Notes Link North and Effort to Polish Noriega ‘Image’ : Iran-Contra: The previously secret papers suggest U.S. aides sought the Panamanian’s help in getting aid to the Nicaraguan rebels.
Former White House aide Oliver L. North, in a meeting with Manuel A. Noriega four years ago to enlist his help for Nicaragua’s Contras, sought to minimize drug-smuggling allegations against the now-deposed Panamanian leader as principally an “image” problem that Noriega would have to solve, newly released documents showed Friday.
Portions of North’s personal notebooks, made public by a federal court under the Freedom of Information Act, suggested that North, as well as State Department and CIA officials, were willing to overlook Noriega’s alleged corruption in return for his assistance on behalf of the Contras, for whom Congress had cut off U.S. military assistance.
Meanwhile, a newly impaneled grand jury was convened Friday in Washington to continue the government’s three-year criminal investigation of the sale of arms to Iran and the diversion of proceeds to the Contras during the Ronald Reagan Administration.
Sources told the Associated Press that the grand jury would attempt to determine the exact roles of Reagan, then-Vice President George Bush and other former Reagan Administration officials in the scandal and to gather information for a final Iran-Contra report.
The North diaries were released as attorneys for Noriega, currently being held in a federal facility in Miami on an 11-count drug-smuggling and money-laundering indictment, are seeking thousands of similar government records. They contend the documents will show that top U.S. officials condoned Noriega’s drug-related activities in return for intelligence gathering services and other support in Central America.
Because of the elaborate procedures required for release of sensitive records in criminal trials, Noriega’s lawyers have not yet received any of the secret documents they have requested. Even after they obtain them, however, none will become public until Noriega’s trial next year.
The North notebooks, heavily censored by the government to remove potential national security problems, were obtained under court order by two nonprofit groups that have been studying the Iranian arms scandal. The two organizations, the National Security Archive and Public Citizen Inc., had obtained and released an initial 1,400 pages last week and received another 1,209 pages Friday.
The handwritten notebooks, a combined daily log and modified diary kept by North from 1984 through 1986, contain often cryptic phrases that are difficult to understand fully.
It was known that North met with Noriega in London in September, 1986. But the notebooks revealed events leading to the meeting and contained the first details of what the two discussed.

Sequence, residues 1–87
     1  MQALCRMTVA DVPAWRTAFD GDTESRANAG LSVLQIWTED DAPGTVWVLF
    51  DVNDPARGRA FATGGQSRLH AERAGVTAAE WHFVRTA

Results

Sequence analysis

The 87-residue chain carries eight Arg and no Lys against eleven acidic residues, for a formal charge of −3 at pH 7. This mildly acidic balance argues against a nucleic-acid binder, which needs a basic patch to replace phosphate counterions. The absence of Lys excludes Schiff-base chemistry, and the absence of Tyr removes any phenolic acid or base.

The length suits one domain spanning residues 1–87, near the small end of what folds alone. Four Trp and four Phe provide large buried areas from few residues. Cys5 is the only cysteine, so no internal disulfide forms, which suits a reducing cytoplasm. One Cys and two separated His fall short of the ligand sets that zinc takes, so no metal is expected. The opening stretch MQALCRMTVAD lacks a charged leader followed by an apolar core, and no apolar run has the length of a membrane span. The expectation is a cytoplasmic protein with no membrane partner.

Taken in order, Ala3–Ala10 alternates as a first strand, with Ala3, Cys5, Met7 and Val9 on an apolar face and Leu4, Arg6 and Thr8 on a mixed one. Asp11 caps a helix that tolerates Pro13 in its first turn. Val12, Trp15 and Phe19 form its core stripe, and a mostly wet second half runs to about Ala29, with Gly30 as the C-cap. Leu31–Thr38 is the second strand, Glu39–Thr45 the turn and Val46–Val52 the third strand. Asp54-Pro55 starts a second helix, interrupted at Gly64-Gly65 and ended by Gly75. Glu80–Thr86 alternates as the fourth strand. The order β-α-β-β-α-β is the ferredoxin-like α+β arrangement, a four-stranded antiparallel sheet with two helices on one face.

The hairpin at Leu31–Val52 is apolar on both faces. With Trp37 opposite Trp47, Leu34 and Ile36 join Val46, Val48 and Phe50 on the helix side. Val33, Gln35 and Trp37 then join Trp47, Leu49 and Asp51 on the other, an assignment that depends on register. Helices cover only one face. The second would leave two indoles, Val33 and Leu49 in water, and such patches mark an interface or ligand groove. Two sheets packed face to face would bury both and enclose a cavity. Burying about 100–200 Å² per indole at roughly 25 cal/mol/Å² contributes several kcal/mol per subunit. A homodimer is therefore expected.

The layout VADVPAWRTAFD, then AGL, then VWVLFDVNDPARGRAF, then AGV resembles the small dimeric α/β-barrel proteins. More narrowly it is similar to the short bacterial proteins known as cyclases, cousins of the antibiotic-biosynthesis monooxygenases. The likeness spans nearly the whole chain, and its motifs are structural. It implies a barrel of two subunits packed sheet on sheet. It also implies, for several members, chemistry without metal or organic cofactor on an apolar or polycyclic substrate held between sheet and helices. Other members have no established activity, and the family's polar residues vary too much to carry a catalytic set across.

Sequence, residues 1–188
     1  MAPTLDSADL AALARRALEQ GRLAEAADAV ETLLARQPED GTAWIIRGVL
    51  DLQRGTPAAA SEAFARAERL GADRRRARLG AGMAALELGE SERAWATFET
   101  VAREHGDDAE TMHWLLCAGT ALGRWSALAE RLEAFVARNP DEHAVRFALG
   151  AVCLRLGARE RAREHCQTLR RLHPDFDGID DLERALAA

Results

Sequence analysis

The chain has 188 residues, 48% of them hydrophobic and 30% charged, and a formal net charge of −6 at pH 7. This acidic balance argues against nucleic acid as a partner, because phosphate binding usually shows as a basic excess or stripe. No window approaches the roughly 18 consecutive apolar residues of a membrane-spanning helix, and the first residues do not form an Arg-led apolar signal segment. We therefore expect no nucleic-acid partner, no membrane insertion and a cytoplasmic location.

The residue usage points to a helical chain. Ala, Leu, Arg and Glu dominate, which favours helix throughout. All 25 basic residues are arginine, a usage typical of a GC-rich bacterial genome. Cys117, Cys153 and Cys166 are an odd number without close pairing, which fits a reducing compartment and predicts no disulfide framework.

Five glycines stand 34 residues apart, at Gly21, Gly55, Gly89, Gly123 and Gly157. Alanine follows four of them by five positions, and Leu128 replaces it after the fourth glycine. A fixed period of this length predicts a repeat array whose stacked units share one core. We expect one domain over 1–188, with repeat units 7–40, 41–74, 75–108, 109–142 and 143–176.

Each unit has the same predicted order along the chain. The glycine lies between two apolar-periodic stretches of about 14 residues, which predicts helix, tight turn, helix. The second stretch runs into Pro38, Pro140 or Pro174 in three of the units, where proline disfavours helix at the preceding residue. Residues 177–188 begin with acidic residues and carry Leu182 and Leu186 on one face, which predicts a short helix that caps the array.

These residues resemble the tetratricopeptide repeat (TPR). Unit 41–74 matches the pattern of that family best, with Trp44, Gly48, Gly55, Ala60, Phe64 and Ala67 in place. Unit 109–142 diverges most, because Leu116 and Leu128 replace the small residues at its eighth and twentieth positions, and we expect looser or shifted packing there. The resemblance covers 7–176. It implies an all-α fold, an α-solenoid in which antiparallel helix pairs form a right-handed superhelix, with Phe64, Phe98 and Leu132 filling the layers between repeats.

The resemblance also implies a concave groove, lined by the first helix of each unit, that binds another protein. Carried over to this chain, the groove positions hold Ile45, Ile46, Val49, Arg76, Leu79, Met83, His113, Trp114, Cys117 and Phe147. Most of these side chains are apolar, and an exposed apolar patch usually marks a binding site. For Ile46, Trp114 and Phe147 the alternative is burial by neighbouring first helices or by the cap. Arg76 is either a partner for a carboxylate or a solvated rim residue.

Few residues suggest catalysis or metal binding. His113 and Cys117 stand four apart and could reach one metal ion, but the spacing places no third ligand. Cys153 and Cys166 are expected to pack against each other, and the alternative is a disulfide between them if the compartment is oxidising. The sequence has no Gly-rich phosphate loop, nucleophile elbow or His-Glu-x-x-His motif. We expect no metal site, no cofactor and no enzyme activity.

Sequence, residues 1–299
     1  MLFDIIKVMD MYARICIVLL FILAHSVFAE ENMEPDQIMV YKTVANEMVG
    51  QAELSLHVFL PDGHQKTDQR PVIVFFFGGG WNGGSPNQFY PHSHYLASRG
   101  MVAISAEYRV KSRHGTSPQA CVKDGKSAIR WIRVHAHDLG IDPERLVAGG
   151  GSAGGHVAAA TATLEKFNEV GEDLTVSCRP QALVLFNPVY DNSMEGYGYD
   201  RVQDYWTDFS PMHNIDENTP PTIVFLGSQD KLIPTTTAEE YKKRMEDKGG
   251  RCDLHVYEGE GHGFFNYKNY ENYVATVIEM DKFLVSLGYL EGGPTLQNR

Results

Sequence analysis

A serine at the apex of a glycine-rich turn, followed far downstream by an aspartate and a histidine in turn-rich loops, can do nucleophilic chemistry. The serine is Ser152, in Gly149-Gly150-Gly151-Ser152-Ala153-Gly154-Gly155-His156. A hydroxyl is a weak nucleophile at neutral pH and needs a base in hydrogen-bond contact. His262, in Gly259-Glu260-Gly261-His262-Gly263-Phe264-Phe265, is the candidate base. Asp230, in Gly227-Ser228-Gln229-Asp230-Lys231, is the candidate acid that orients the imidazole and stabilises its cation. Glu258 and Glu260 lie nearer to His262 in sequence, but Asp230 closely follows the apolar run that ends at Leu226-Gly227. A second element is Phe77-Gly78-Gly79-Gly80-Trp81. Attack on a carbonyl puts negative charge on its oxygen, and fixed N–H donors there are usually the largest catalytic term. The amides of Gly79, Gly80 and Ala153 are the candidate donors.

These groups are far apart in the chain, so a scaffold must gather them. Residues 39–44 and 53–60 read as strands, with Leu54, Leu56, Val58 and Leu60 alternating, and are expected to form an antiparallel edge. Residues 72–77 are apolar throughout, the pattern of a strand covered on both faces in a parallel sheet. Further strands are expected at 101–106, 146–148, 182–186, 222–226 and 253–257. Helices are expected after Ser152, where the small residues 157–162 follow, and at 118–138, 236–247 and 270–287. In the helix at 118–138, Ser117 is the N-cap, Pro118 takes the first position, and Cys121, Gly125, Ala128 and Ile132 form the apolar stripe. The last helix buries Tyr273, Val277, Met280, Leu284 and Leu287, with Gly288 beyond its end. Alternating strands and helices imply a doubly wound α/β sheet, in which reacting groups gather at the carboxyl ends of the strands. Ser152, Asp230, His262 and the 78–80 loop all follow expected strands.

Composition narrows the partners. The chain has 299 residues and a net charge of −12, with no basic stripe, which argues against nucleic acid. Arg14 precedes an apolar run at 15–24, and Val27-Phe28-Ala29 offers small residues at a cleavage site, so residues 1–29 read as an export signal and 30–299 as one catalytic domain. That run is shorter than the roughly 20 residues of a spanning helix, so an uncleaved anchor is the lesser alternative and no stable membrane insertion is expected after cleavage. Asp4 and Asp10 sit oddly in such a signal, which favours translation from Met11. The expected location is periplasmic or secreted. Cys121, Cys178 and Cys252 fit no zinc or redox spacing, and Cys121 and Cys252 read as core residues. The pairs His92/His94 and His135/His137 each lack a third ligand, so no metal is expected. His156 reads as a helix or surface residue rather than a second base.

On Aug. 24, 1986, for example, North mentioned a meeting with Dewey Clarridge, then a CIA official with responsibilities in Central America. Referring to Elliott Abrams, a State Department official who was active in supporting the Contras, North wrote:
“Tell Abrams that Noriega has asked for mtg w/ Goode (North’s code-name) re cleaning up image.”
He also wrote that at his meeting with Noriega, he would inform the Panamanian leader about “five steps . . . to clean up (his) image” and would remind him that his “image is critical for FMS.” The latter reference involved Noriega’s apparent desire to receive additional foreign military sales from the United States.
A week later, at a meeting on Panama of the Restricted Interagency Group composed of North, Abrams and Alan Fiers, another CIA official with Central American duties, North wrote under the heading “Corruption”:
“Drugs/Arms trafficking, Money Laundering, Front Companies.”
Meeting Noriega in London 19 days later, North wrote that the general would help the Contras with “C/T (counterterrorism) . . . courses for commandos, booby traps (and) night ops.” Noriega also offered to collect intelligence on a refinery, an electric and telephone system and an airport, according to North’s notes. Additional notes were deleted by a censor.
The extent to which Noriega eventually helped the Nicaraguan rebels never has been clear, but it is likely to be an issue raised at the general’s trial. Noriega surrendered to U.S. authorities last January, 12 days after U.S. troops invaded Panama.
Two months after North’s meeting with Noriega--on Nov. 25, 1986--North was fired and his boss, John M. Poindexter, resigned when the Iran-Contra scandal surfaced publicly. North’s notebooks show that he and Poindexter discussed that day whether Israel could be persuaded to accept responsibility for diversion of Iranian arms sale profits to the Contras.
Under the heading, “Call from JMP,” North wrote:
“Would be best if Israel would accept that they were aware that some funds were diverted.”
He also noted, “VP call Peres,” apparently a suggestion that Bush, then vice president, should call Israeli leader Shimon Peres.
A White House spokesman said he did not know if Bush called Peres that day, although Bush has said he never learned details of the Iran arms initiative until a month later. In any event, Israel never accepted responsibility for diversion of arms-sale profits.
Staff writer Doyle McManus contributed to this story.